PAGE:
Alyssa's Journey with Type 1 Diabetes

An outlet, a diary of sorts, a place for thoughts, a place to connect,
an expression of feelings about Juvenile Diabetes......

Wednesday, May 16, 2012

3rd Annual Diabetes Blog Week: What its like to have Type 1 Diabetes

What it’s like to have Type 1 Diabetes

Managing type 1 diabetes is a balancing act. This daily stabilization of blood sugar levels depends on the four injections of insulin in which the amount is based on food consumed and physical activity through out the day and night. Blood sugar levels have to be checked 6-8 times a day and there is constant worry about highs and lows, which can both be dangerous. Type 1 does not go away, it doesn’t take a break. Type 1 is on your mind constantly and you can never forget about it. It’s a 24 hour a day, 365 days a year job.

A day in the life of Alyssa:

6:15a Wake up, prick finger to check blood sugar

6:30a 2 insulin injections

Eat breakfast

9:30a snack

11:50a prick finger to check blood sugar

1 insulin injection

3:00 p snack

4:30p prick finger to check blood sugar

Cheer/tumble from 4:30-6p

5:45p prick finger to check blood sugar ½ way through practice

If low (usually) treat with juice

6:30p prick finger to check blood sugar

1 insulin injection

Eat dinner

9:30p prick finger to check blood sugar

Eat bedtime snack to avoid lows during the night

*Depending on how her bg’s have been there may be a blood sugar check in the middle of the night. Also, if she is more active than usual, there may be other blood checks during the day.

3rd Annual Diabetes Blog: What can we improve on...

What can we improve on….

Well, I’m not sure there is anything that we can do better. Most problems we have with Alyssa’s D1 is out of our control. No two days are alike; but lately, for the most part there are more good days than bad. Now, of course this disease is ever changing and what is working now, may not work a few months from now. Things have been going well recently and I think this is because we have a consistent routine of checking blood sugars and calculating carbs. I have found in the last year and a half, that consistency is a must. If she eats the same amount of carbs at about the same time each day for her meals, then her BG’s are normally within range. Of course there are times that her BG’s are low or high and that is usually because of extra activity or if we’ve gone out to eat (I’ve found most restaurants’ nutrition information is not always accurate).

Tuesday, May 15, 2012

Diabetes Blog Week: One Great Thing 5/15/2012

Managing Alyssa’s diabetes is a lot of work and I do find that I become obsessed with glucose levels and calculating everything that she puts in her mouth.  It can become the center of your life; like many D-moms, Alyssa’s diabetes is the first thing I think about in the morning and the last thing I think about at night.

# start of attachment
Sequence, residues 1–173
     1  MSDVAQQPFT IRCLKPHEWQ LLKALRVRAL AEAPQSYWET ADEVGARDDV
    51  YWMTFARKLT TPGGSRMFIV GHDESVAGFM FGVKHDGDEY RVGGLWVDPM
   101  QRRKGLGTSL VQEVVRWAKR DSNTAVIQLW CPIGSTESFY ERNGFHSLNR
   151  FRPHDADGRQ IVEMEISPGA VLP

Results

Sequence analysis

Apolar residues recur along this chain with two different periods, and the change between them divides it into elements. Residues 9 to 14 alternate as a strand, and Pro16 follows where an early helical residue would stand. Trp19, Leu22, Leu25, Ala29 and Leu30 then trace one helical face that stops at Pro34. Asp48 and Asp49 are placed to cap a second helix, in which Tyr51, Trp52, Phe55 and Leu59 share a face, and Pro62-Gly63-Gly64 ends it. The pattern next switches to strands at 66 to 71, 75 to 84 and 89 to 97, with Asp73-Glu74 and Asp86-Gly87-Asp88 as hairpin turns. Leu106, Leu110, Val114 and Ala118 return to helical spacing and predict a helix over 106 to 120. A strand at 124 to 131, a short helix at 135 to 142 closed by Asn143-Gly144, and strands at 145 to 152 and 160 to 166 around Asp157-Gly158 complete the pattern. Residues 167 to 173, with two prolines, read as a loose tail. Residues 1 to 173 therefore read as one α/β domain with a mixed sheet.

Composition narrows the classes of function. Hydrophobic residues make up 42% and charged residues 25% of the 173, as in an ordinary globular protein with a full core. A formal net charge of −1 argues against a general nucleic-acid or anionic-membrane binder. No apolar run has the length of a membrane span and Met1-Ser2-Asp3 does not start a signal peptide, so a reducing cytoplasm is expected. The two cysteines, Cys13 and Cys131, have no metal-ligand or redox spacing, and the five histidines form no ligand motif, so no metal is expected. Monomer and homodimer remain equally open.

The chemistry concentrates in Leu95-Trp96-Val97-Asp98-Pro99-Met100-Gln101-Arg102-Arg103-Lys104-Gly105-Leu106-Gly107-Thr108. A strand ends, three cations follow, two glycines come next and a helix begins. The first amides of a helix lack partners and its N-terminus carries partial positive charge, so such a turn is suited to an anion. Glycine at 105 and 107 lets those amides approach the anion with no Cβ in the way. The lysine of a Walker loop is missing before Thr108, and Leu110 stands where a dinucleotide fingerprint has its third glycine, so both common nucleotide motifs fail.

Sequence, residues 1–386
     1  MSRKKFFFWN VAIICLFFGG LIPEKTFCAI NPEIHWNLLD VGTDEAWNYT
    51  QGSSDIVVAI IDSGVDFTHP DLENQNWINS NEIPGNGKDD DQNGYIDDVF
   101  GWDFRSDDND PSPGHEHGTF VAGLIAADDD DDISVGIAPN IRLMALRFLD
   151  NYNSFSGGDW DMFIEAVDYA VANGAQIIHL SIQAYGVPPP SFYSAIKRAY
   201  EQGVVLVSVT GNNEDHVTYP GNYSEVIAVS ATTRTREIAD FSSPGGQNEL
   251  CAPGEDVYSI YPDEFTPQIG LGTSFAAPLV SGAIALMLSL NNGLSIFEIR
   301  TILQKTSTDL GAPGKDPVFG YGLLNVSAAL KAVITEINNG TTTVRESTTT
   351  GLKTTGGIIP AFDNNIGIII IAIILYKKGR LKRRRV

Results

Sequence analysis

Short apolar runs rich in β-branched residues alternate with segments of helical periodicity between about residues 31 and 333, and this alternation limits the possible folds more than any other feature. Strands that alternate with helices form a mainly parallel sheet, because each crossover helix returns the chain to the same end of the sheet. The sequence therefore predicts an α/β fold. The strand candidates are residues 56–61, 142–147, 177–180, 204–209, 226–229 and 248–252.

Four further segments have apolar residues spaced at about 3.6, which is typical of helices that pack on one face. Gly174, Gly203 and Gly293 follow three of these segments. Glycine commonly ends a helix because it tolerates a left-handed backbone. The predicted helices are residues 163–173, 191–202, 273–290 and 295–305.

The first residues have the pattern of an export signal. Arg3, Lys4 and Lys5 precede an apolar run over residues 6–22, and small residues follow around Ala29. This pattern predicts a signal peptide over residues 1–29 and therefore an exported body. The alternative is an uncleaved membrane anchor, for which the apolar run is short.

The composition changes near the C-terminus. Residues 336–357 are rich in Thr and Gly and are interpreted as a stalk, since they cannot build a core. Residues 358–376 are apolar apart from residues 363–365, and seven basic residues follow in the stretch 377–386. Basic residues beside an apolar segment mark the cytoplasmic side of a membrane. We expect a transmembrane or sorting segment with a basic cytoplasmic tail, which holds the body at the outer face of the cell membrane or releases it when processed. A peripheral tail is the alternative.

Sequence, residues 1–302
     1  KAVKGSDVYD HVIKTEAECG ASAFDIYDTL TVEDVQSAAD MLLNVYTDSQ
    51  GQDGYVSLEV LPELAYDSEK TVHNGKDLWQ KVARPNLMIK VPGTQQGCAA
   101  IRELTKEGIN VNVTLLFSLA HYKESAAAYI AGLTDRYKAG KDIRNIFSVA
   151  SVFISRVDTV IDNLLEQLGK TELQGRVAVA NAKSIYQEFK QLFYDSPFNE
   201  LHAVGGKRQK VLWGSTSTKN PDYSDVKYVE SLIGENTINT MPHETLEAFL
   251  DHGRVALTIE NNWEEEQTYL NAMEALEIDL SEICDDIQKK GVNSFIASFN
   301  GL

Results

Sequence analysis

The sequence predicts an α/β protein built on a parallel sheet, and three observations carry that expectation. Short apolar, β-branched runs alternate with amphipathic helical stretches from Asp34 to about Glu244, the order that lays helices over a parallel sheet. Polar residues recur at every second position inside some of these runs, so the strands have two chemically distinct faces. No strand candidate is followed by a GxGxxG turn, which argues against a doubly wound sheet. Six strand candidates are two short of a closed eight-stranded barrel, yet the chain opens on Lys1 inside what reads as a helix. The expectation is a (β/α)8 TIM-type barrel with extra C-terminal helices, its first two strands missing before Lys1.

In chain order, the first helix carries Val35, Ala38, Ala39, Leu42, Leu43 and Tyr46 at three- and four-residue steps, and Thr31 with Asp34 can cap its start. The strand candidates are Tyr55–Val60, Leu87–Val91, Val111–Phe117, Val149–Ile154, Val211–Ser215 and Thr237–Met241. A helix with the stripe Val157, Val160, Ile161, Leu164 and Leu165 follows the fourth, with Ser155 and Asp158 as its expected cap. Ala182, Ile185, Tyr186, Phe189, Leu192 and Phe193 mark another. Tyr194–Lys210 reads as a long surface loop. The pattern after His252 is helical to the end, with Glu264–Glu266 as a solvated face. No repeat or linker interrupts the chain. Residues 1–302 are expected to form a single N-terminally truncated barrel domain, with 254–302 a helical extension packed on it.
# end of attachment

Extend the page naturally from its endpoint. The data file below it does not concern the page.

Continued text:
There are many times I feel overwhelmed and get frustrated when her numbers aren’t good or when she suffers with a lows.  And then I remember I’m not the one with the disease.  What I do try to remind myself is Alyssa is a child and she just wants to be like every other almost 9 year old. 
It’s impossible to be perfect, but there are many things that she does spectacularly!! Alyssa knows when she isn’t felling right and she will immediately go for her meter and check her BG and she’s not embarrassed about it…she’ll pull it out anywhere.  If it’s low, she goes for a juice box and a lot of times she’s treating her low before I even know what’s going on. 
This has helped lift some of my fear—I don’t stress as much when she’s playing outside or when she’s at cheer practice because I feel confident that she knows to address any change in how she feels right away.  More importantly, this has given Alyssa the opportunity to be more like other kids her age.

Diabete Blog Week: She needs no introduction

Most of you probably have read her blog, but I had to mention that D-Mom Blog: The sweet life with a diabetic child was the first blog I read (and I still read) after my daughter was diagnosed a year and a half ago. Her blog helped me prepare my daughter to return to school after her diagnosis—as most of us, I was at a loss.  I’m not sure I would have survived the chaos without it! 

Our daughters are close in age and I find that I relate with many of the diabetes related issues she writes about. I read all of her posts on her blog and follow her Facebook page. She provides an amazing amount of information and if I’m not sure about something, I look at her older posts for the answer because I know she has already been where I am at. 

For the few who have not read her blog, I recommend D-mom, whether your family is new to type 1 diabetes or not.